NEW YORK -- Baseball's top labor lawyer said Tuesday it was possible a bargaining agreement could be reached ''in the next several days'' to avert a threatened walkout by players.
One day after the union held off setting a strike date, talks resumed and focused on two key issues: management's desire for increased revenue sharing and a luxury tax that would restrain spending by high-payroll teams.
Though neither side pointed to any specific progress, management lawyer Rob Manfred said: ''I think both parties feel tremendous pressure to get this resolved as quickly as possible.''
The union's executive board has scheduled a telephone conference call Friday, and could set a strike date then if it thinks a deal isn't close. If a date is set this week, Aug. 30 is the most likely one to be picked, a person familiar with the players' deliberations said, speaking on the condition he not be identified.
Asked if he thought a settlement could be reached before the conference call, Manfred replied: ''Friday is a little too specific for me. I continue to believe we are close enough that it is possible to make an agreement in the next several days.''
Union head Donald Fehr was more reticent in discussing the latest session.
''At this stage, daily running commentary is not something, I would suggest, that would enhance rather than detract from making a deal,'' he said.
But Johnny Damon of the Boston Red Sox said players ''get the feeling the owners think we can get something done by the end of the week.''
''If they really want to work with us, we're ready, but if not, a date might have to be set,'' he said.
Both sides say the luxury tax is the biggest hurdle to a settlement, disagreeing on what it is supposed to do.
''We view it as certainly something that artificially restrains payroll,'' Fehr said. ''But one of the things it does is transfer money. He's being grossly oversimplistic.''
For Manfred, a stiffer luxury tax is a must.
''My view is that it's clear that if an agreement is reached in the next few days, it will contain a luxury tax,'' he said, adding that ''the tax mechanism that was in the last Basic Agreement would not be acceptable to us this time around.''
Owners first proposed increasing the amount of locally generated revenue that clubs share from 20 percent to 50 percent. They also asked for a 50 percent luxury tax on the portions of payrolls over $98 million, including 40-man rosters and benefits.
On Sunday, owners raised the payroll threshold to $100 million, according to one participant in the talks who spoke on condition of anonymity.
Owners also offered to phase in the tax for high-spending teams, saying that for teams with payrolls over $130 million, the full 50 percent rate would take effect in 2006. For those clubs with salaries over $115 million, the 50 percent rate would start in 2005. For all others over $100 million, the 50 percent tax would start next year.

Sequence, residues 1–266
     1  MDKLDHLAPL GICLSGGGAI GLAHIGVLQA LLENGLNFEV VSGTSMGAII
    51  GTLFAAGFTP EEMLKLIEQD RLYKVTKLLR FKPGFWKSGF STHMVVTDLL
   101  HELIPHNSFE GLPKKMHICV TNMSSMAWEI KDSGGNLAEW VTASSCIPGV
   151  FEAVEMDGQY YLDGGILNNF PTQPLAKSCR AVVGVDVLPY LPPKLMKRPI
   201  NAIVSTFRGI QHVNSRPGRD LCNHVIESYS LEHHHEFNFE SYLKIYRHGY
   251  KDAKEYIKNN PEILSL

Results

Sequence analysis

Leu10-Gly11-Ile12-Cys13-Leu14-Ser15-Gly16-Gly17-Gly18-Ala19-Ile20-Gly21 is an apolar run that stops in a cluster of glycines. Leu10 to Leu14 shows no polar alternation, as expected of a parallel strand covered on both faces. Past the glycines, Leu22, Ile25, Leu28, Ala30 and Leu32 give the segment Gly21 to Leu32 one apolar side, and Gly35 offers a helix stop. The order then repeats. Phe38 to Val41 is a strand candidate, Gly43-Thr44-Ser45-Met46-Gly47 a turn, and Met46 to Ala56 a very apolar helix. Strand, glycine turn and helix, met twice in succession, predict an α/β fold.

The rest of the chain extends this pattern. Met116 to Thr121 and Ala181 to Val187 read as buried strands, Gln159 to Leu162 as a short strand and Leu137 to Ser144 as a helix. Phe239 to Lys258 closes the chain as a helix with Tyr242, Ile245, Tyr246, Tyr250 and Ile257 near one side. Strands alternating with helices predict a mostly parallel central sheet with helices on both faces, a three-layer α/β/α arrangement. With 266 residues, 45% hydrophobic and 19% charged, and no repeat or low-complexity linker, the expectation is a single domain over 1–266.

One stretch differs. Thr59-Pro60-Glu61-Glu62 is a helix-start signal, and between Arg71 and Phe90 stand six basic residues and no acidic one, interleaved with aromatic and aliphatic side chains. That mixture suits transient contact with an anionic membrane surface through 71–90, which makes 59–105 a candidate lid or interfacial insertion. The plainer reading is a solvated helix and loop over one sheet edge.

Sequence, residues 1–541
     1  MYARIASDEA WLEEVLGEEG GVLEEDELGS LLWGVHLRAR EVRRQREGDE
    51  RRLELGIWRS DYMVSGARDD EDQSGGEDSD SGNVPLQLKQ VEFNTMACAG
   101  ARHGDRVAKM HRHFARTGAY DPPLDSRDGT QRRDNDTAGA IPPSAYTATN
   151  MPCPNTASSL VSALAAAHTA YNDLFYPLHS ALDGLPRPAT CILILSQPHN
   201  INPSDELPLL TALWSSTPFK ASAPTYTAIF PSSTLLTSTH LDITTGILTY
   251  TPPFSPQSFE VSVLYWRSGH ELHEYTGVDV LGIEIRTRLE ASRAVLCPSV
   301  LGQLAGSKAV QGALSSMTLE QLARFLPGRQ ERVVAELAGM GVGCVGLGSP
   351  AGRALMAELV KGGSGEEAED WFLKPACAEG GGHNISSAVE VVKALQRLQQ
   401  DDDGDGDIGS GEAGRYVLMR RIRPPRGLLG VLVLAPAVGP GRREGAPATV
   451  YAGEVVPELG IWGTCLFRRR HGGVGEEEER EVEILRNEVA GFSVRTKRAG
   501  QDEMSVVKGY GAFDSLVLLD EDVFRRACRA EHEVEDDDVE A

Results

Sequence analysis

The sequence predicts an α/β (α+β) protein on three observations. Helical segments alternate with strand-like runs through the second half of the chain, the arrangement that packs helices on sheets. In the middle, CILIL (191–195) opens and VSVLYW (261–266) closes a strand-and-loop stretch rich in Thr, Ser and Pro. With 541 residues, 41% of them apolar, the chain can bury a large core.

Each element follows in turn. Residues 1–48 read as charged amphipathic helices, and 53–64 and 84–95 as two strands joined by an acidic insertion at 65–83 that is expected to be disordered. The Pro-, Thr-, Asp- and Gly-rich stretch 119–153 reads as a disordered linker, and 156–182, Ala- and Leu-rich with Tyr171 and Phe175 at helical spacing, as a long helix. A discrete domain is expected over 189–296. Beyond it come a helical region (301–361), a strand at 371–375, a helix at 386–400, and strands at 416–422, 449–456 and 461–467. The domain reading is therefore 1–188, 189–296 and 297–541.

The previous contract, which expired last November, contained a luxury tax for the 1997, 1998 and 1999 seasons. It started at the midpoint of the payrolls of the fifth- and sixth-highest spenders, and had a rate of 34 or 35 percent, depending on the season.
Owners felt that tax was of little or no significance, leading to their proposal for a fixed threshold and a higher rate. Players appear to be willing to consider a tax that will restrain salaries slightly but not severely. The union says revenue sharing and a luxury tax must be considered together because they would combine to take away millions of dollars from high-revenue teams.
''The union tends to analyze the tax as another mechanism that transfers money from one group of clubs to another group of clubs,'' Manfred said. ''We view it differently. We view it as payroll regulation.''
At the ballparks, players were hopeful an agreement could be reached without a strike.
''Just the fact that we're having this conference call will keep pressure on both sides,'' Tampa Bay's John Flaherty said. ''Keep the momentum going and, hopefully, we'll have good news by the end of week. That's being very optimistic, but we saw how quickly things picked up over the weekend just for the fact that we had this meeting on Monday.''
The last walkout began in August 1994 and lasted 232 days, wiping out the World Series for the first time in 90 years. This time, both camps have toned down their rhetoric in trying to avoid baseball's ninth work stoppage since 1972.
''We're already not popular, and neither are the owners,'' Detroit's Damion Easley said. ''All the fans care about is that there is no work stoppage at all, that we keep playing and that we work this thing out. They don't want to hear about dollars and cents.''
Tampa Bay manager Hal McRae, a former union member, predicted there will not be a walkout.
''It's bad for both sides if they strike,'' he said. ''This time everybody knows there won't be a winner. I think the fans would rebel. They're sick of it. A coin toss which recovers quicker -- baseball or the market?''
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